Lawes, Sir John Bennet

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b. 28 December 1814 Rothamsted, Hertfordshire, England
d. 31 August 1900 Rothamsted, Hertfordshire, England
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English scientific agriculturalist.
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Lawes's education at Eton and Oxford did little to inform his early taste for chemistry, which he developed largely on his own. By the age of 20 he had fitted up the best bedroom in his house as a fully equipped chemical laboratory. His first interest was in the making of drugs; it was said that he knew the Pharmacopoeia, by heart. He did, however, receive some instruction from Anthony Todd Thomson of University College, London. His father having died in 1822, Lawes entered into possession of the Rothamsted estate when he came of age in 1834. He began experiments with plants with uses as drugs, but following an observation by a neighbouring farmer of the effect of bones on the growth of certain crops Lawes turned to experiments with bones dissolved in sulphuric acid on his turnip crop. The results were so promising that he took out a patent in 1842 for converting mineral and fossil phosphates into a powerful manure by the action of sulphuric acid. The manufacture of these superphosphates became a major industry of tremendous benefit to agriculture. Lawes himself set up a factory at Deptford in 1842 and a larger one in 1857 at Barking Creek, both near London. The profits from these and other chemical manufacturing concerns earned Lawes profits which funded his experimental work at Rothamsted. In 1843, Lawes set up the world's first agricultural experiment station. Later in the same year he was joined by Joseph Henry Gilbert, and together they carried out a considerable number of experiments of great benefit to agriculture, many of the results of which were published in the leading scientific journals of the day, including the Philosophical Transactions of the Royal Society. In all, 132 papers were published, most of them jointly with Gilbert. A main theme of the work on plants was the effect of various chemical fertilizers on the growth of different crops, compared with the effects of farm manure and of no treatment at all. On animal rearing, they studied particularly the economical feeding of animals.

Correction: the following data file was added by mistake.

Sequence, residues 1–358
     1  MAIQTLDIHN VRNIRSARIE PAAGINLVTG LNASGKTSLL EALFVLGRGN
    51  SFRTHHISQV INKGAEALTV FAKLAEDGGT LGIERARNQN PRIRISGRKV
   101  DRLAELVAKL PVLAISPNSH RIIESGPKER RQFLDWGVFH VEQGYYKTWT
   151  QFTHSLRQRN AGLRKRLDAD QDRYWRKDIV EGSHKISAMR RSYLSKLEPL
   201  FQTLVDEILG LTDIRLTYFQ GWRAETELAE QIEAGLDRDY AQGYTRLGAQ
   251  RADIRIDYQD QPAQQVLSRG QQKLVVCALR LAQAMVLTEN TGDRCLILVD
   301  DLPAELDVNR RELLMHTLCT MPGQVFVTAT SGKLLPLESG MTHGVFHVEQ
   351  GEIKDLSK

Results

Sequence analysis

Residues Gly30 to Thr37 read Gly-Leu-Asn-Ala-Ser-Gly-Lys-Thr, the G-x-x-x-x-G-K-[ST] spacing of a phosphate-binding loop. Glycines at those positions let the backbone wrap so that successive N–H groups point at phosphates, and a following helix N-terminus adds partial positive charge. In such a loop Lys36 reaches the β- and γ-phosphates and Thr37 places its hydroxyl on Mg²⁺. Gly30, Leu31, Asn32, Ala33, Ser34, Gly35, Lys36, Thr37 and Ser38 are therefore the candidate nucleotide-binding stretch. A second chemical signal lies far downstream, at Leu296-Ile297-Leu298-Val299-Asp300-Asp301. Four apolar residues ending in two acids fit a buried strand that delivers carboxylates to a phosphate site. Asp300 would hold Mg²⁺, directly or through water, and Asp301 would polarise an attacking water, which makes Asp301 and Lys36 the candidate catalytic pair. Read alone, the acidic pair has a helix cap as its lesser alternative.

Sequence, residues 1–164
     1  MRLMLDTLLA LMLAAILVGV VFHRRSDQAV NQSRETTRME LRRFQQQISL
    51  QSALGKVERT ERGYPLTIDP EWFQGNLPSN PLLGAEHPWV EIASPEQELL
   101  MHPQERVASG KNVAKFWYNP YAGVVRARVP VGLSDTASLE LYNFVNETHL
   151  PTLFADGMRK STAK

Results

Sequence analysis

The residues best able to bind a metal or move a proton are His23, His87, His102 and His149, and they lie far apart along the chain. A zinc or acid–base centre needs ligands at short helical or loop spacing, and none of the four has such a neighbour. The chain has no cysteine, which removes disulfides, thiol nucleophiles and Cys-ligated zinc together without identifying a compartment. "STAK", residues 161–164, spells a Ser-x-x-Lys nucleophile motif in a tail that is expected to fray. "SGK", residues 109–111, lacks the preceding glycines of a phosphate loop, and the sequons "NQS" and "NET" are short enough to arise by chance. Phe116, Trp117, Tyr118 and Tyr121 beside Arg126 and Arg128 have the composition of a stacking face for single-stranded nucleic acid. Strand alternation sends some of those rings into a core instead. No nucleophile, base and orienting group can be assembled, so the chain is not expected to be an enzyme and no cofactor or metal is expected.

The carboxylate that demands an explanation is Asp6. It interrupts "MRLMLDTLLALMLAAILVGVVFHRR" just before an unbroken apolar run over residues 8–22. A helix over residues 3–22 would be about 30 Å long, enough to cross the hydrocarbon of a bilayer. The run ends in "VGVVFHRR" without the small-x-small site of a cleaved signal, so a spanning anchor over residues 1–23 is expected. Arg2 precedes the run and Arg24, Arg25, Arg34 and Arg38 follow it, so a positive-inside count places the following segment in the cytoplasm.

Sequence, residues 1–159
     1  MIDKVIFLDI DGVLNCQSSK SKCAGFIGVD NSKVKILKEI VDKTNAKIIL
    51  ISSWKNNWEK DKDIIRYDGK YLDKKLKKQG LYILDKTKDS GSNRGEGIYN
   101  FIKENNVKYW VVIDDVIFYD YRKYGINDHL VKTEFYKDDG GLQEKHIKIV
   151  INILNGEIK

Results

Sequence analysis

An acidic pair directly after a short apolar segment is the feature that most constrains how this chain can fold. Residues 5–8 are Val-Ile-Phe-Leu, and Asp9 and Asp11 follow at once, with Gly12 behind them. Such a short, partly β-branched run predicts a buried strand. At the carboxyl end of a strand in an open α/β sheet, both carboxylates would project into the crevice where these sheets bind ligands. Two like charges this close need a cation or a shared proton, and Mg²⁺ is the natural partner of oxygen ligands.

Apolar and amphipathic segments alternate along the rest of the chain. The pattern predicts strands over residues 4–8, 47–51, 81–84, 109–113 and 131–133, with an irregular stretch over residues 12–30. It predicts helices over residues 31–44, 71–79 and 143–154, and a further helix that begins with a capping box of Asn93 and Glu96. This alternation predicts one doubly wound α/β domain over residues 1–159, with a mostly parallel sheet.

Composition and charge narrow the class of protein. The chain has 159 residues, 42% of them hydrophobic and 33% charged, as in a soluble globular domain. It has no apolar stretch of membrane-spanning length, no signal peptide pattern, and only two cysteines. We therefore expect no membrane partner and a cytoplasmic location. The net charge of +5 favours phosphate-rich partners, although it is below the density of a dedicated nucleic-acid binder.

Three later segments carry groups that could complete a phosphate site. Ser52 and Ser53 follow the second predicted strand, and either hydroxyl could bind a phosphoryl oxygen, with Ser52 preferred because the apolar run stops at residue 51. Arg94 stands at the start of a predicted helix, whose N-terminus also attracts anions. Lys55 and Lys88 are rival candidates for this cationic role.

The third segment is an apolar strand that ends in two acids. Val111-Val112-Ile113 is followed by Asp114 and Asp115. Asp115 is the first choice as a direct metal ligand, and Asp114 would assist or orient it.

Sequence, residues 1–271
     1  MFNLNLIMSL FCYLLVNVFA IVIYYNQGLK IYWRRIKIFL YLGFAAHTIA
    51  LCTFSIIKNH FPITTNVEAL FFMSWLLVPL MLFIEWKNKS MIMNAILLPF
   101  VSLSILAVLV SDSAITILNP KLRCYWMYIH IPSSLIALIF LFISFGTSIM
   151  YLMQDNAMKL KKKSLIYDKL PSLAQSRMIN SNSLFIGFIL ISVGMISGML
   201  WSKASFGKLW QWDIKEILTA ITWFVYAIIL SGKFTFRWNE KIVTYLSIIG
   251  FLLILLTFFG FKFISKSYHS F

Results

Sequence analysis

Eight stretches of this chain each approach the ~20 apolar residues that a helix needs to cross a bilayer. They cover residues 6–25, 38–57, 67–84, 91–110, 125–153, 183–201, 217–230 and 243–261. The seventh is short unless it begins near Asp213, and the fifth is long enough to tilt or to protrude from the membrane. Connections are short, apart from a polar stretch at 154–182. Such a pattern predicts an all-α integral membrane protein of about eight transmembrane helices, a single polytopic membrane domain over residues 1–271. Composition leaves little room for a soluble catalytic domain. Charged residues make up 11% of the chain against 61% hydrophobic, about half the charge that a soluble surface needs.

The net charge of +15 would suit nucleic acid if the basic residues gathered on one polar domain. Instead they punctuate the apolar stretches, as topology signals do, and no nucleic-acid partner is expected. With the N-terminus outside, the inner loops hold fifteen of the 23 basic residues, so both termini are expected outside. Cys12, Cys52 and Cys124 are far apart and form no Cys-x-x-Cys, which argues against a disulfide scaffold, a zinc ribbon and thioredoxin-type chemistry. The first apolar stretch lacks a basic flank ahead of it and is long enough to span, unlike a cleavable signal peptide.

The work at Rothamsted soon brought Lawes into prominence; he joined the Royal Agricultural Society in 1846 and became a member of its governing body two years later, a position he retained for over fifty years. Numerous distinctions followed and Rothamsted became a place of pilgrimage for people from many parts of the world who were concerned with the application of science to agriculture. Rothamsted's jubilee in 1893 was marked by a public commemoration headed by the Prince of Wales.
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Principal Honours and Distinctions
Baronet 1882. FRS 1854. Royal Society Royal Medal (jointly with Gilbert) 1867.
Further Reading
Memoir with portrait published in J. Roy. Agric. Soc. Memoranda of the origin, plan and results of the field and other experiments at Rothamsted, issued annually by the Lawes Agricultural Trust Committee, with a list of Lawes's scientific papers.
LRD

Biographical history of technology. - Taylor & Francis e-Librar. . 2005.

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